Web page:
Individual Assignment 1
Attitudes and Job Satisfaction
An attitude is a judgment call. Everyone evaluates everything either favorably or unfavorably.
Whether judging an object, a person, or an event, people (consciously or unconsciously) develop
a positive or a negative attitude toward that object, person, or event.
In this assignment, students should read theWalt Henderson case study and prepare a Word
document (saved as a .doc) that answers the following questions:
1. What is Walt Henderson’s attitude toward work?
2. What are the main components of Walt Henderson’s attitude toward work?
3. If Walt Henderson becomes dissatisfied in his work, what is he likely to do about it: exit the
organization, voice his dissatisfaction, remain loyal, or neglect his work?
4. What can Walt Henderson’s supervisor do to insure his job satisfaction without endangering
everybody else’s job satisfaction?
Justify your answer theoretically and give excerpts from the case to illustrate your point of view.
The Wilson Construction Company (WCC) employs thirty or so draftsmen. Draftsmen are
people making mechanical drawings of machines or structures. Today’s draftsmen work with
computer-assisted design and drafting (CADD) technologies to produce two-dimensional or
three-dimensional objects. All the WCC’s draftsmen work at drafting tables in a big room on the
first floor of the company’s headquarters. The draftsmen are supervised by two inspectors. Walt
Henderson, one of the draftsman, is working at his table when Ken Hardy, his supervisor, enters
the room. It is 10 in the morning on Tuesday.
Ken: How is it going Walt?
Walt: Not bad. We’re on time with everything.
Ken: Even Joe’s sketches that I asked you to check yesterday?
Walt: Oh yes, I brought them home so that I would not be overwhelmed today.
Ken: You know that I don’t like it when you bring work home, Walt. If I had known that you
were going to do that, I would have asked Fred to help Joe.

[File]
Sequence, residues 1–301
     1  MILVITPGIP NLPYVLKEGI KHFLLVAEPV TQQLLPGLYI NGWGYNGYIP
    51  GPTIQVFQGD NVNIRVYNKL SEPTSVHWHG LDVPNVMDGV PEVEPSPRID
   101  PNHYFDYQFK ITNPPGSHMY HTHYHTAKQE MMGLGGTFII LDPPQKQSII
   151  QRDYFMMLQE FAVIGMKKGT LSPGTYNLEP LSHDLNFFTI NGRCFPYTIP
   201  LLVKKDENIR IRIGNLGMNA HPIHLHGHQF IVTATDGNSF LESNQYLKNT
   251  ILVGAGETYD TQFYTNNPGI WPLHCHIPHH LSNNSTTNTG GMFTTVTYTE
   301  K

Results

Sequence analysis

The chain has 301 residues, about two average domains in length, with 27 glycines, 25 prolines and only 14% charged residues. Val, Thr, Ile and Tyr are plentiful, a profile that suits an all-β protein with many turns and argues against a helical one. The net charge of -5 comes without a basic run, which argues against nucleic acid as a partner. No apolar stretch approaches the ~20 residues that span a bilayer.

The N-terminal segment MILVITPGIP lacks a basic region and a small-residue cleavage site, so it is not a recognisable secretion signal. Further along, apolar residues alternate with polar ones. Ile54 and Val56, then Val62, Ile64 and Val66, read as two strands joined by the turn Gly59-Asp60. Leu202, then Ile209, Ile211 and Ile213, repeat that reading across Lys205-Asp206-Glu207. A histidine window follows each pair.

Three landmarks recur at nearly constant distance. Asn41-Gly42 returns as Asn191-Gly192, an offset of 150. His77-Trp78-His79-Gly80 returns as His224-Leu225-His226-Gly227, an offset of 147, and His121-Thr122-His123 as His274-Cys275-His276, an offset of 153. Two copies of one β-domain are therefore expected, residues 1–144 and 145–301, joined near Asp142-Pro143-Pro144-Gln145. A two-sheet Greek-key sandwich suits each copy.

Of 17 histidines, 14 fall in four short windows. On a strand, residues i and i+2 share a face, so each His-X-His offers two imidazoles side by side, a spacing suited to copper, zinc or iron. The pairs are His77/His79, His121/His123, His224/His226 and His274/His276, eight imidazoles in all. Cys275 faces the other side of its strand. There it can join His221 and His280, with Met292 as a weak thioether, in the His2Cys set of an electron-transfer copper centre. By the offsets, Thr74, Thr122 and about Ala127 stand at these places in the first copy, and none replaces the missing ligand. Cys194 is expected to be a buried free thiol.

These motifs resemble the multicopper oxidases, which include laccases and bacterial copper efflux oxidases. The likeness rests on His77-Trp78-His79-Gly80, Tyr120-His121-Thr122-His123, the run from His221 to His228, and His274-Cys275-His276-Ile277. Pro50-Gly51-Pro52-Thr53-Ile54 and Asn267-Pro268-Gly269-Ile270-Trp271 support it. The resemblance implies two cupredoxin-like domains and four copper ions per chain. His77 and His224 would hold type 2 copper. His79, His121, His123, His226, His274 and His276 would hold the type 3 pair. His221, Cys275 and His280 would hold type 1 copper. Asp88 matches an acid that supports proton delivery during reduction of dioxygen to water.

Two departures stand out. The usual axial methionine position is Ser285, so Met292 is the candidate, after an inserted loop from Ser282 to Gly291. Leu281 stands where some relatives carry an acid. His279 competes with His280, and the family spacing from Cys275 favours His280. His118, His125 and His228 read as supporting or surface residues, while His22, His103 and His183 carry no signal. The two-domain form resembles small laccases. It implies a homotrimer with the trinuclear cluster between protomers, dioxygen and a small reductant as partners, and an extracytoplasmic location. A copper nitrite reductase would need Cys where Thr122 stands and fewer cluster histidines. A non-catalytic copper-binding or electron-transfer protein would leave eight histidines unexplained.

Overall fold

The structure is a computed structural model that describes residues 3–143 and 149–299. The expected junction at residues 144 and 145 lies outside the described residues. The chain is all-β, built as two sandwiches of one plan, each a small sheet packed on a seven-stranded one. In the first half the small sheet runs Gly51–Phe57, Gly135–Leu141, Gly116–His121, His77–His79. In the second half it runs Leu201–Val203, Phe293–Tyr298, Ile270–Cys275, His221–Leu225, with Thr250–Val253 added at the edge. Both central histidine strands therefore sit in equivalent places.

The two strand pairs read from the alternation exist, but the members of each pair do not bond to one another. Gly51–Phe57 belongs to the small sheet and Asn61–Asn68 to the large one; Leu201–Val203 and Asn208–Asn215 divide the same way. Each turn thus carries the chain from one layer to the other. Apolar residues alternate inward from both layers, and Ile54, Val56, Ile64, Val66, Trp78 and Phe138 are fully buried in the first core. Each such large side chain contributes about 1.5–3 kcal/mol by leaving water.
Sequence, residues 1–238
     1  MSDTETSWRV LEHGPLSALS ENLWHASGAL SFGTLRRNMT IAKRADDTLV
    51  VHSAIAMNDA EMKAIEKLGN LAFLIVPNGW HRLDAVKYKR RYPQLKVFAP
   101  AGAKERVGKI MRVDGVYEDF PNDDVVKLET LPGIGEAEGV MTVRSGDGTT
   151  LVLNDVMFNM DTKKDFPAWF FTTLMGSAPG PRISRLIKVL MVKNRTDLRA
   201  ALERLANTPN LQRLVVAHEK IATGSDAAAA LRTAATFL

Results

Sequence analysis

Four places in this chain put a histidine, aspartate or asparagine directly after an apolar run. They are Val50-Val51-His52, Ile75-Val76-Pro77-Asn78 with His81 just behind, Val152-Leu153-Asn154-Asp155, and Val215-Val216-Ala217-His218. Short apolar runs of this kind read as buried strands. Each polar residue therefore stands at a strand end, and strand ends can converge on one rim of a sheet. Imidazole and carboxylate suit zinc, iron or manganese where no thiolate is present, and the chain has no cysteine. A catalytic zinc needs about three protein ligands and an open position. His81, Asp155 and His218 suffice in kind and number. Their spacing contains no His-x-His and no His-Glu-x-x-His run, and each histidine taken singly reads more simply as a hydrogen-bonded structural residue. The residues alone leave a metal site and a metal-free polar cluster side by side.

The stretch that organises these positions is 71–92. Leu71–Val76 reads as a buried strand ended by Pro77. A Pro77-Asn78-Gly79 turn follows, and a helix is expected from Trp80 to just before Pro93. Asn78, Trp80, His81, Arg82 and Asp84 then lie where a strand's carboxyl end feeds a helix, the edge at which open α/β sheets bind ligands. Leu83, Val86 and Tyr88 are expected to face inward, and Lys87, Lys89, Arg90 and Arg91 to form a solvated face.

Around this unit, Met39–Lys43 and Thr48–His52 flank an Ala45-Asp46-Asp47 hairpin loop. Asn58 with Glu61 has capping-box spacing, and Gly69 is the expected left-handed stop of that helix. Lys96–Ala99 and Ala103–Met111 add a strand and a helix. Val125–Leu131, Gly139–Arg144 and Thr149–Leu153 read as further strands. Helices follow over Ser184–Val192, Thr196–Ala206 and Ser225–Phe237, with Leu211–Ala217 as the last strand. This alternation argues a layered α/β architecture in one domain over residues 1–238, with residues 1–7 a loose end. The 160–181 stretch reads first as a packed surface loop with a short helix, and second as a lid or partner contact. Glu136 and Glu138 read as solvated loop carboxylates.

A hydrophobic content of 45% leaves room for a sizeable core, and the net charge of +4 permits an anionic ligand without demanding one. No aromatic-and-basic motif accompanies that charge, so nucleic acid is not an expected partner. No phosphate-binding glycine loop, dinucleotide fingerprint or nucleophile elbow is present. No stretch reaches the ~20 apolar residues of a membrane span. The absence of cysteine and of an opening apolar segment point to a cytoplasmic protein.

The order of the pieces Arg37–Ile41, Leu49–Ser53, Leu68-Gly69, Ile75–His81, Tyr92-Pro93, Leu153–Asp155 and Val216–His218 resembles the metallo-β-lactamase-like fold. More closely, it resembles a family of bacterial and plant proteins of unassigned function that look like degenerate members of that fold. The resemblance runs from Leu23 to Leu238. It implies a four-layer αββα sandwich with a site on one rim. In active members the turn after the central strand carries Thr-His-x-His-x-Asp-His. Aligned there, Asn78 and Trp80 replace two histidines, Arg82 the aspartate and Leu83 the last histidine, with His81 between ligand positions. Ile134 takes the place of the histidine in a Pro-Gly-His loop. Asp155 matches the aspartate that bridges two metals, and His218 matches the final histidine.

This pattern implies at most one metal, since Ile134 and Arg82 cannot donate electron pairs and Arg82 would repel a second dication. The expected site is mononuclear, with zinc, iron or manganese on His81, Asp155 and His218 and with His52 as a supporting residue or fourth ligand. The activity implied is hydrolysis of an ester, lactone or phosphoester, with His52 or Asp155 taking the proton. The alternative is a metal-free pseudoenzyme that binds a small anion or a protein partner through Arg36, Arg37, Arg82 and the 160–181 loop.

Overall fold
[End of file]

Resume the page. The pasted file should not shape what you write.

Walt: It doesn’t matter! It was my pleasure. I knew that Joe would have some trouble finishing it
all for noon today.
Ken: Well, what are you doing now?
Walt: I’m drafting the plans for a little boat that I want to build.
Ken: I see. Do you really think that this is a good time to do that, during working hours?
Walt: I have finished my work and given up three hours of my time yesterday evening just to
help Joe. Besides, I’m not set up at home to draft. Where’s the harm?
Ken: Well for one, it gives a bad impression to see someone do something else during working
hours. You know that as well as I do.
Walt: I did all my work and even more; what do you want me to do?
Ken: Don’t get excited. You know that we have had the same discussion last year when you
drafted your garage and my boss saw you do it. You remember I suppose?
Walt: Of course, and I still think that what I do only concerns myself as long as my work is done
and I don’t bother anyone.
Ken: That’s your opinion. Let’s be clear: No one will tell you what you can or cannot do before
or after hours, but, while you’re here, you’re supposed to earn your keep. I don’t want this to turn
into another garage story. Do you hear me?
Walt: OK, but I don’t understand why the rule is so strict. Just because your boss doesn’t know
how much work I do around here doesn’t mean that you have to side with him.